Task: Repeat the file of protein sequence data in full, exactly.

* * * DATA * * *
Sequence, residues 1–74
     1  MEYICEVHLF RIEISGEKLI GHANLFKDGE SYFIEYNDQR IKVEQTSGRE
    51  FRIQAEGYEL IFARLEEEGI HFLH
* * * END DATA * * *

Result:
Sequence, residues 1–74
     1  MEYICEVHLF RIEISGEKLI GHANLFKDGE SYFIEYNDQR IKVEQTSGRE
    51  FRIQAEGYEL IFARLEEEGI HFLH